Supreme Court Sides With Trump Admin on Asylum-Seeker Deportation
How do you feel about the ruling?
by Countable | 6.25.20
What’s the story?
- The Supreme Court on Thursday released its 7-2 decision in a case known as Dept. of Homeland Security v. Thuraissigiam, which held that the executive branch can deport asylum-seekers who fail their initial asylum screenings without allowing them to appeal to a federal judge.
- The decision affirmed existing law, under which an asylum-seeker who fails to establish a “credible fear of persecution” if returned to their home country in their initial screening with an asylum officer can then appeal to the officer’s supervisor, and then to an immigration judge. The asylum seeker can only appeal to federal courts to determine if their detention is lawful (a writ of habeas corpus), and the courts can’t review the determination that an asylum-seeker lacks a credible fear of persecution.
- The case concerned Vijayakumar Thuraissigiam, a Sri Lankan national who was stopped 25 yards after crossing the southern U.S. border without authorization. An asylum officer rejected his credible fear claim, a supervising officer agreed, and an immigration judge affirmed the decision. Thuraissigiam then appealed to the federal court requesting an opportunity to file a new asylum claim asserting a fear of persecution based on his Tamil ethnicity and political views.
- The federal district court dismissed his petition, but the Ninth Circuit Court of appeals reversed the dismissal and held that the asylum hearings violated the Constitution’s Suspension Clause & Due Process Clause. The Supreme Court’s 7-2 decision reverses the Ninth Circuit’s ruling by holding that the asylum process in Thuraissigiam’s case doesn’t violate the Suspension Clause & Due Process Clause, and remanded the case with directions that his habeas corpus application be dismissed.
What did the justices say?
- Justice Samuel Alito wrote the majority opinion, which was joined by Chief Justice John Roberts, plus Justice Clarence Thomas (who also authored a concurring opinion), Justice Neil Gorsuch, and Justice Brett Kavanaugh. It read in part:
“Respondent’s Suspension Clause argument fails because it would extend the writ of habeas corpus far beyond its scope “when the Constitution was drafted and ratified.” Indeed, respondent’s use of the writ would have been unrecognizable at that time. Habeas has traditionally been a means to secure release from unlawful detention, but respondent invokes the writ to achieve an entirely different end, namely, to obtain additional administrative review of his asylum claim and ultimately to obtain authorization to stay in this country.
Respondent’s due process argument fares no better. While aliens who have established in this country have due process rights in deportation proceedings, the Court long ago held that Congress is entitled to set the conditions for an alien’s lawful entry and that, as a result, an alien at the threshold of initial entry cannot claim any greater rights under the Due Process Clause. Respondent attempted to enter the country illegally and was apprehended just 25 yards from the border. He therefore has no entitlement to procedural rights other than those afforded by statute.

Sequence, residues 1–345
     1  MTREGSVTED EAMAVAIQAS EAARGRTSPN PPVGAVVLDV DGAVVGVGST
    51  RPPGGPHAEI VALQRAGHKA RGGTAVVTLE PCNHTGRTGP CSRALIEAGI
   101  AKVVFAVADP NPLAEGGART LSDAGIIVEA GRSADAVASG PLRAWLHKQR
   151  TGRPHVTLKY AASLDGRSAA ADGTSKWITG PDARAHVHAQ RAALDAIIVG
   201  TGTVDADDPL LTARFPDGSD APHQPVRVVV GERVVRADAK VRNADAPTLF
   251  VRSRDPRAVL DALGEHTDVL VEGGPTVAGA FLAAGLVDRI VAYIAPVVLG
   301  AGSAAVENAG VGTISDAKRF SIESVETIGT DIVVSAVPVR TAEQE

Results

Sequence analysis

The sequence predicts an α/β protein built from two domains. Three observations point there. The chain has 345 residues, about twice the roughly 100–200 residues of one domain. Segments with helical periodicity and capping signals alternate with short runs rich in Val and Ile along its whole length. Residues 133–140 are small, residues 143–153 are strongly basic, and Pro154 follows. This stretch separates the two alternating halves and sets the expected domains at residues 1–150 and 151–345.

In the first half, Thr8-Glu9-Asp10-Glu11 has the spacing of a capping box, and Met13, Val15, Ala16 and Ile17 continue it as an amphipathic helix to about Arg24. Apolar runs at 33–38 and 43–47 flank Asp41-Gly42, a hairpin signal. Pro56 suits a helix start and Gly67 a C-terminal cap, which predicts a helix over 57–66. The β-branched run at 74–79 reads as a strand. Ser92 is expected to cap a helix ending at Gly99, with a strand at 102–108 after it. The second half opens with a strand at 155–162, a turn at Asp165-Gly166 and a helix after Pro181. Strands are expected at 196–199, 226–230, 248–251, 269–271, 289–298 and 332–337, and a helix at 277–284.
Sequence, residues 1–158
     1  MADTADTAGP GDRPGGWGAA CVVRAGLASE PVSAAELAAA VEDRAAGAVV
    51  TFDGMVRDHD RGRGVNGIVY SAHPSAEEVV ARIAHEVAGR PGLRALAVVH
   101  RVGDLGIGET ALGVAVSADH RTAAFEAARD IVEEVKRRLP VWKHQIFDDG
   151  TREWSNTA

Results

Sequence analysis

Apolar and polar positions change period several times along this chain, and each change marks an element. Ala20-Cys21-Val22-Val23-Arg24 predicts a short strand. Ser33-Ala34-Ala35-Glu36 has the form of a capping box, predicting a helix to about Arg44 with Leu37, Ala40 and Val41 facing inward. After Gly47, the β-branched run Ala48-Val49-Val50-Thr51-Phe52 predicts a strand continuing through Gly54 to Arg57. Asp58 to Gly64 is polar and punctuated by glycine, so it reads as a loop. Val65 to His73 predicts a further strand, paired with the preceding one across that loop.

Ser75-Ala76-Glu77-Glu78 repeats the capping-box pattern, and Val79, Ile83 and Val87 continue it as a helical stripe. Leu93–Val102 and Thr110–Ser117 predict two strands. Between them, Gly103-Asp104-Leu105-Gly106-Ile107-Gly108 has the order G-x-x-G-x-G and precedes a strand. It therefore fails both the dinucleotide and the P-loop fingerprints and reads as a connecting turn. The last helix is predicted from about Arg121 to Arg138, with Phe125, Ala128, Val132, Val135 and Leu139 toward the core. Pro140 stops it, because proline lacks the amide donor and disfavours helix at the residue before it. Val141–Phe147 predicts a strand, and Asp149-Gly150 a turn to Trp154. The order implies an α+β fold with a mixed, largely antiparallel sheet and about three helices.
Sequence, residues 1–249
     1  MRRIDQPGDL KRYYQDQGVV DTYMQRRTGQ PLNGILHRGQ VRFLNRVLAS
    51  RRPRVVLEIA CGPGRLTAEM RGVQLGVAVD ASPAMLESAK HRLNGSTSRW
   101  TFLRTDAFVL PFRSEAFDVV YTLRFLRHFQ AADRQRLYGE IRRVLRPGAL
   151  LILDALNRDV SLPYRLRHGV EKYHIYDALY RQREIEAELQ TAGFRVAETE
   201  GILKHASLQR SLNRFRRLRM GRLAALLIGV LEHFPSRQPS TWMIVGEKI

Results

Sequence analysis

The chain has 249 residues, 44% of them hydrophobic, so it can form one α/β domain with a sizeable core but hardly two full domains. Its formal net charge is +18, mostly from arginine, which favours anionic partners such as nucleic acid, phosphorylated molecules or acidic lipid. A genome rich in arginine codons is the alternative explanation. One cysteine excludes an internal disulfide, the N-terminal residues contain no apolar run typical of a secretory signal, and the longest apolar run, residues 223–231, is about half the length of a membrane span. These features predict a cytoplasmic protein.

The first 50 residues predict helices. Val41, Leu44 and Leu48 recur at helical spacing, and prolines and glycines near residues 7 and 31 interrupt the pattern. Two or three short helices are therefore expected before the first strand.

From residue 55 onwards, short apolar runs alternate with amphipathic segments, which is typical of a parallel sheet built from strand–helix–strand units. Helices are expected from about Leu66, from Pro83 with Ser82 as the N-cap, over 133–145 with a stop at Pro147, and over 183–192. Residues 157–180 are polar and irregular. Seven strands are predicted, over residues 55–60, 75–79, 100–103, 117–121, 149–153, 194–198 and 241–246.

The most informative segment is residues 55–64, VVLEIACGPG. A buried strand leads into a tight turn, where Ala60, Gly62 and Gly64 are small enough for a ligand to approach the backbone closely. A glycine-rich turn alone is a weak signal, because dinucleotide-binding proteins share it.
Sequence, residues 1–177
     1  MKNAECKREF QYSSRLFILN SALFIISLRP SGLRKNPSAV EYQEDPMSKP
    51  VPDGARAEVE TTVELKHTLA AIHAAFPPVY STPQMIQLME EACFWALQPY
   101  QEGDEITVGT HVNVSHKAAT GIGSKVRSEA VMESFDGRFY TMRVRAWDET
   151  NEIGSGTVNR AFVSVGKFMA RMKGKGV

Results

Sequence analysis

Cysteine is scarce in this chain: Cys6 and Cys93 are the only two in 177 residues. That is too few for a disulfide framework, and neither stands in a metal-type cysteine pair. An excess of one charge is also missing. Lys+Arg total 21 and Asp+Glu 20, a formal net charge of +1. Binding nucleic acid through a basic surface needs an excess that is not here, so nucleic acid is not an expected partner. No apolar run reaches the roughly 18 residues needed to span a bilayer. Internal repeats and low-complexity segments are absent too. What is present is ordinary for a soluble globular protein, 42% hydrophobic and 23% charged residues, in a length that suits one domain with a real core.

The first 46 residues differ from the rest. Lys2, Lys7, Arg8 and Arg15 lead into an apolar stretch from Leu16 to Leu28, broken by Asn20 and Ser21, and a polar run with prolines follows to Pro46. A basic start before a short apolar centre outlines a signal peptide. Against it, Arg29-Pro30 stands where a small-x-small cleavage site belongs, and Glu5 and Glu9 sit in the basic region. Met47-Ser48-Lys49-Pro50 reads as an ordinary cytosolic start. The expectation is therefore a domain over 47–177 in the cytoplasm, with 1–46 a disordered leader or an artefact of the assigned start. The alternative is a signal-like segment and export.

In short, under our precedents, neither the Suspension Clause nor the Due Process Clause of the Fifth Amendment requires any further review of respondent’s claims, and IIRIRA’s limitations on habeas review are constitutional as applied… Because the Ninth Circuit erred in holding that §1252(e)(2) violates the Suspension Clause and the Due Process Clause, we reverse the judgment and remand the case with directions that the application for habeas corpus be dismissed.”
- Justice Stephen Breyer wrote an opinion concurring with the majority’s judgment, which was joined by Justice Ruth Bader Ginsburg. It read in part:
“The statute at issue here, 8 U. S. C. §1252(e)(2), sets forth strict limits on what claims a noncitizen subject to expedited removal may present in federal habeas corpus proceedings. I agree that enforcing those limits in this particular case does not violate the Suspension Clause’s constitutional demand command: “The Privilege of the Writ of Habeas Corpus shall not be suspended, unless when in Cases of Rebellion or Invasion the public Safety may require it.” But we need not, and should not, go further.”
- Justice Sonia Sotomayor wrote a dissenting opinion, which Justice Elena Kagan joined. It read in part:
“In the face of these policy choices, the role of the Judiciary is minimal, yet crucial: to ensure that laws passed by Congress are consistent with the limits of the Constitution. The Court today ignores its obligation, going out of its way to restrict the scope of the Great Writ and the reach of the Due Process Clause. This may accommodate congressional policy concerns by easing the burdens under which the immigration system currently labors. But it is nothing short of a self-imposed injury to the Judiciary, to the separation of powers, and to the values embodied in the promise of the Great Writ. Because I disagree with the Court’s interpretation of the reach of our Constitution’s protections, I respectfully dissent.”
— Eric Revell
(Photo Credit: iStock.com / Bill Chizek)
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